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. Last Updated: 07/27/2016

Siberian Asteroid Downsized

Tunguska.ruA 1929 photograph showing some of the damage done by the 1908 asteroid.
ALBUQUERQUE, New Mexico -- An asteroid that exploded over Siberia a century ago, leaving 2,000 square kilometers of scorched or blown down trees, was not nearly as large as previously thought, a researcher concludes, suggesting a greater danger for Earth.

According to supercomputer simulations by Sandia National Laboratories physicist Mark Boslough, the asteroid that destroyed the forest at Tunguska in Siberia in June 1908 had a blast force equivalent to one-quarter to one-third of the 10- to 20-megaton range scientists previously estimated.

Better understanding of what happened at Tunguska will allow for better estimates of risk that would allow policy makers to decide whether to try to deflect an asteroid or evacuate people in its path, he said.

"It's not clear whether a 10-megaton asteroid is more damaging than a Hurricane Katrina," Boslough said. "We can more accurately predict the location of an impact and its time better than we can a hurricane, so you really could get people out of there if it's below a certain threshold."

On Tuesday, an asteroid at least 244 meters long was making a rare close pass by Earth, but scientists said there was no chance of an impact. The closest approach of 2007 TU24 will be 537,496 kilometers -- about 1.4 times the distance between Earth and the moon. An actual collision of a similar-sized object with Earth occurs on average every 37,000 years.

Although the computer simulation shows that the Tunguska asteroid was smaller, its physical size is not known. That would depend on such factors as speed, shape, density and composition, Boslough said.

Smaller asteroids approach Earth about three times more frequently than large ones. So if large asteroids approach about every 1,000 years, a smaller one would be about every 300 years, Boslough said.

"Of course there's huge uncertainties," he said.

The three-dimensional computer simulations were done last summer. Boslough presented the findings at scientific meetings in September and December. A paper on the phenomenon, co-authored by Sandia researcher Dave Crawford, has been accepted for publication in the International Journal of Impact Engineering.

The simulation, which better matches what is known of Tunguska than earlier models did, shows that the center of the asteroid's mass exploded above the ground, taking the form of a fireball blasting downward faster than the speed of sound.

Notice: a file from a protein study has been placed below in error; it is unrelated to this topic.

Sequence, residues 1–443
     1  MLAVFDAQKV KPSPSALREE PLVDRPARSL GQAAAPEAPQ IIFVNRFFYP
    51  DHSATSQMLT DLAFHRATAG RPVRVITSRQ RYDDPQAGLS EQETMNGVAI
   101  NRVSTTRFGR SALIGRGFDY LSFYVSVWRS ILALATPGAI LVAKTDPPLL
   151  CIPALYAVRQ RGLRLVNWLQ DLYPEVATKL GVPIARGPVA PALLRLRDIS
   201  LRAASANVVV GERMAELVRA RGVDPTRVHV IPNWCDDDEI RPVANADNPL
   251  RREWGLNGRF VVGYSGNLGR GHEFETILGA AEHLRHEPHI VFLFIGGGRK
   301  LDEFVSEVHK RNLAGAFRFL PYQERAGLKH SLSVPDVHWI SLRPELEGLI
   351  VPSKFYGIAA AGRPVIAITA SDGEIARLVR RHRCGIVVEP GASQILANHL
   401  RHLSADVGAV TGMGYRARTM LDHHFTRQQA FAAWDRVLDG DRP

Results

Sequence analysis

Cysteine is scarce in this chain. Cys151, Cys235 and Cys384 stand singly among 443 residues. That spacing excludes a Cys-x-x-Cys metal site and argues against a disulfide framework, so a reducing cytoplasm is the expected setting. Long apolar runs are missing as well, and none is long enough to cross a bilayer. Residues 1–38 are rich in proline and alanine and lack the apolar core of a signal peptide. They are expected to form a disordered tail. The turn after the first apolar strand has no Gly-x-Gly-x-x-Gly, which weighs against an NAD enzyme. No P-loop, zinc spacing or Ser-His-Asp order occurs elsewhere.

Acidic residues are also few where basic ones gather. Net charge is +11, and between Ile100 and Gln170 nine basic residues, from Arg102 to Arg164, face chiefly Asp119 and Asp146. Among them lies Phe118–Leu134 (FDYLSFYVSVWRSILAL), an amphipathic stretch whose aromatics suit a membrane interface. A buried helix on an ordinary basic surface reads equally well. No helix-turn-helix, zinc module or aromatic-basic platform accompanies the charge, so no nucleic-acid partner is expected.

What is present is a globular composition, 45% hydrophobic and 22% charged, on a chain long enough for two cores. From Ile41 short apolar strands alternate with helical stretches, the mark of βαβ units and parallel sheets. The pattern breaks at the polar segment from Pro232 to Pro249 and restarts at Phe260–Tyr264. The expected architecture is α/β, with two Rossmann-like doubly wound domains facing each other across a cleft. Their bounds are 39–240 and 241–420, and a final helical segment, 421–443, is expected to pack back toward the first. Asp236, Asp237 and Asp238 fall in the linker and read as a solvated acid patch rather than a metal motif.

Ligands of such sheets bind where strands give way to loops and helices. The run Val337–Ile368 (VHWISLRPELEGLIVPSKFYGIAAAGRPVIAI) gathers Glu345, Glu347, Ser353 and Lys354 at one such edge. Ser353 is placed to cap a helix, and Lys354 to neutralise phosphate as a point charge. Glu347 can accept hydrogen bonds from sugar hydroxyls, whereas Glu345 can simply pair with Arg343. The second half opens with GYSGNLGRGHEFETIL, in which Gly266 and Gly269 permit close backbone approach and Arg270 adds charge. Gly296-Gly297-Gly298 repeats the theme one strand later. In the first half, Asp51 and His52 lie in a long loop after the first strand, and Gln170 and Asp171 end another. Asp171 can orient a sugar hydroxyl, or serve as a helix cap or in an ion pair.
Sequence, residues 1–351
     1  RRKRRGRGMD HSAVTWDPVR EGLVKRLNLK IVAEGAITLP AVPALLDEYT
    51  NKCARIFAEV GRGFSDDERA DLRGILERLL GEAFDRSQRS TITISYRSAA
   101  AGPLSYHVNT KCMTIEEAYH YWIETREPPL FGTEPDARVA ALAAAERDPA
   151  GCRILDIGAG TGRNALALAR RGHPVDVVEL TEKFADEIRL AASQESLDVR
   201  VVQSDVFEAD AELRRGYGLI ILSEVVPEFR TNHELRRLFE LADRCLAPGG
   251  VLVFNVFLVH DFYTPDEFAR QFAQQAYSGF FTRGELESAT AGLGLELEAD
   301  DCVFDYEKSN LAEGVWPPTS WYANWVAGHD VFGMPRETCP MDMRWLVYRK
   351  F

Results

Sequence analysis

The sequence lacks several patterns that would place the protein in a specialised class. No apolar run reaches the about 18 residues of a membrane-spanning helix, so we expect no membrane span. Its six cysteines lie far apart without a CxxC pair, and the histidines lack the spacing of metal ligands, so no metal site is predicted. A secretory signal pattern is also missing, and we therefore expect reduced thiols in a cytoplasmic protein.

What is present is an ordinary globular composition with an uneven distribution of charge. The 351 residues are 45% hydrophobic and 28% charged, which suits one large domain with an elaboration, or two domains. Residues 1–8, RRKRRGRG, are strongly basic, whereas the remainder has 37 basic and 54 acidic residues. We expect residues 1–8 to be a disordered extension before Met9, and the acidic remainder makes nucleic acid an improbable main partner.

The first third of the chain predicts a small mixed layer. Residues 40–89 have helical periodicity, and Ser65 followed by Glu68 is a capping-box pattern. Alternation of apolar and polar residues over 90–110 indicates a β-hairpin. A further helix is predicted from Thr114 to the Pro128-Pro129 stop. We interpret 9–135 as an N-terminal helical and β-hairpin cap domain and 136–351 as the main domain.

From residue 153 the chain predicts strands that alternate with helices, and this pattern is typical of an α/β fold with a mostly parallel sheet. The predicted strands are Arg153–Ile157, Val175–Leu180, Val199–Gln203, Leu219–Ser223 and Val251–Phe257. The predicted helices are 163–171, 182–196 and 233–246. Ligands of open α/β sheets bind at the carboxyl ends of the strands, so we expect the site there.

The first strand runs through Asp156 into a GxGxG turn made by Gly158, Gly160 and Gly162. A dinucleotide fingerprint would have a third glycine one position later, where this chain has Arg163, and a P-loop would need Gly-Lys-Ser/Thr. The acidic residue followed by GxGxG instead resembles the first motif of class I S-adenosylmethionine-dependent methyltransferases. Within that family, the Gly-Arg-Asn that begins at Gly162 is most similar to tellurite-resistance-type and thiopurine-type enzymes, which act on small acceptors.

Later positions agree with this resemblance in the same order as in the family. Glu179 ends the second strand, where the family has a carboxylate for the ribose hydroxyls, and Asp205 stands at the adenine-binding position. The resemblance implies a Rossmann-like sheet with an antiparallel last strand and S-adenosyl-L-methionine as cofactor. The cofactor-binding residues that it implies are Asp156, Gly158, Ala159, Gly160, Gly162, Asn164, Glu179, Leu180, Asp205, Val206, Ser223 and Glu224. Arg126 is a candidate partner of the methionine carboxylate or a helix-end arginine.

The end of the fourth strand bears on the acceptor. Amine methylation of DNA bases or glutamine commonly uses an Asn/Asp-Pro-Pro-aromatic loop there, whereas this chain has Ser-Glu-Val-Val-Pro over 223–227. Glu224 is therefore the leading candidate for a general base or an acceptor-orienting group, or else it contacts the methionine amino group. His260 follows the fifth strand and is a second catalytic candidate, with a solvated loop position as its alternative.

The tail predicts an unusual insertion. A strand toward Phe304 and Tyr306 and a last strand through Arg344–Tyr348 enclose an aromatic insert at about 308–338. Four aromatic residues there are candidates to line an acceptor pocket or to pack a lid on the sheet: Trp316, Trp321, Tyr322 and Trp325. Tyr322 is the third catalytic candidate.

But the fireball did not reach the ground, so while miles of trees outside the epicenter were flattened, those at the epicenter remained standing -- scorched, with their branches stripped off.

Boslough said they were likened to telegraph poles by the first Russian expedition to Tunguska -- an expedition that did not arrive until 1927 because of the distance, primitive travel conditions and turbulent times.

If the asteroid had been as large as previously thought, "it would have had really different effects on the ground," Boslough said.

"It wouldn't have just blown over trees. There would have been a zone of completely scorched earth for several miles," he said. "That fireball would have come all the way down to the surface, and everything it came in contact with would have basically just vaporized."

Alan Harris, a planetary scientist at Space Science Institute in Boulder, Colorado, said he had been following Boslough's work on Tunguska for several years "and I think the idea that he has there seemed very sound."

"A meteorite or asteroid coming into Earth's atmosphere has a lot of momentum," he said. "The idea that it would push down into the atmosphere seems very plausible."

"The bottom line is it takes a lot less energy, a small explosion, to create ground damage" such as that at Tunguska, said Harris, who studies the frequency of such impacts to assess hazards.

In the future, he said, he will take Boslough's work into account and revise estimates of damage from impacts by smaller objects.